Monday, August 10, 2020

Georgette Heyer Readalong - The Quiet Gentleman

I'm very late to the party on this but a week or so ago I discovered #georgetteheyerreadalong on twitter. The book that they strted discussing last night is 'The Quiet Gentleman' which is one of my favourites and already it's given me an entirely new aspect of the book to consider.

I have no idea where Georgette Heyer would have stood on current ideas about colonialism and an imperial past. 70 years ago when she wrote 'The Quiet Gentleman' I'm fairly sure she would have been pro empire. It seems part and parcel of her high tory ideals, and part of her early  married life was spent following her husband around Africa whilst he worked. But then she said so little publicly that it seems presumptuous to make too many assumptions about her.

In the early chapters the Frant family are revealed to have a large and hideous epergne presented by the East India Company. The internet has been curiously unwilling to reveal suitable images of the sort of thing I had always pictured - The Wellington Collection in Apsley house for example has some cracking silver but It's not shown on the website. In last nights discussion somebody pointed out that this was a clue to the source of the Frant's wealth, and later int he book there are explicit references to a Jamaican estate.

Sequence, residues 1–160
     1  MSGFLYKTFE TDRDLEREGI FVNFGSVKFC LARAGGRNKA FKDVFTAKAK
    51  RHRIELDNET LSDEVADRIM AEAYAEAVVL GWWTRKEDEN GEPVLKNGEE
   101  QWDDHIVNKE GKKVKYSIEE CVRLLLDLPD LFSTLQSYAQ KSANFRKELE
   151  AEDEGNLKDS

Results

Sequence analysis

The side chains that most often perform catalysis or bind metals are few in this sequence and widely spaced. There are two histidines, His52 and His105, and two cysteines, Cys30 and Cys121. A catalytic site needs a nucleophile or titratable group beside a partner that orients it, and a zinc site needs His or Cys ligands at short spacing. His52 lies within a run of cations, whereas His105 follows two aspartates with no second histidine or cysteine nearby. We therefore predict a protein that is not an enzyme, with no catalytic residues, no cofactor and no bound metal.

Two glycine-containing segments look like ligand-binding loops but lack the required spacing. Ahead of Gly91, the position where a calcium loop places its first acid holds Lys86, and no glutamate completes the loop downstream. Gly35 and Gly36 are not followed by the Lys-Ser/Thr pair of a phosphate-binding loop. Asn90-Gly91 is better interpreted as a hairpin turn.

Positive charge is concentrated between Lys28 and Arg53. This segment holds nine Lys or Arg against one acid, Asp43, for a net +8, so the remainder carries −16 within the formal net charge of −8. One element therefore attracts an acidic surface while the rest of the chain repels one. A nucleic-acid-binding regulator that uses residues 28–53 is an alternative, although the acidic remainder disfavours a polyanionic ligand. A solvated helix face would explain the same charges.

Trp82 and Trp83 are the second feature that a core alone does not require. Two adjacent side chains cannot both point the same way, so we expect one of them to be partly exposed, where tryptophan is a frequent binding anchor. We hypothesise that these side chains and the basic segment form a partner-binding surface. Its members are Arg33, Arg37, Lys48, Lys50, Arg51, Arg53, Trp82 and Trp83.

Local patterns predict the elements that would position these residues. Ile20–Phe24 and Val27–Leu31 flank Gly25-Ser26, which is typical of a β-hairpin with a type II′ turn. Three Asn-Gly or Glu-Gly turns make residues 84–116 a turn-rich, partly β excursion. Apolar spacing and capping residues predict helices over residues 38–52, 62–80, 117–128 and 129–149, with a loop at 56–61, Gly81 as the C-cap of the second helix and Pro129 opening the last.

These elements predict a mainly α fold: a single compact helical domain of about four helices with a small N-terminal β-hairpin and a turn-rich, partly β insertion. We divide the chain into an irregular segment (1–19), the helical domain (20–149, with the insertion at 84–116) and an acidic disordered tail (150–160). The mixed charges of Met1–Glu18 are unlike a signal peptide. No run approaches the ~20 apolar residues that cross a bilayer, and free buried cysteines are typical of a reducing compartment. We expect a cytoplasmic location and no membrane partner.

Stupidly I'd never really picked up on this before - if I thought about it at all it was as a reference to Mansfield Park, but what I find really interesting about it now is how ambiguous Heyer is about it. The centre piece is hideous and our hero wants shot of it, whilst the less sympathetic members of the Frant Family wish it to remain in place despite it's questionable taste. The Jamaican estates are left away from the new Earl, and seen at length as a suitable place to banish the villain of the book where he's expected to sort things out and make them more profitable.

I think that when Heyer wrote this book she would have intended these details to reflect the reality of where aristocratic wealth came from in the early 19th century. What I'm not clear about is how she felt about it. The way the book reads now it could be acceptance without judgement, or it could be condemnation. Which is why I find Heyer such an interesting writer, and why for once Twitter hasn't reduced me to impotent fury, but given me something interesting to think about. I'm really looking forward to the next readalong session.

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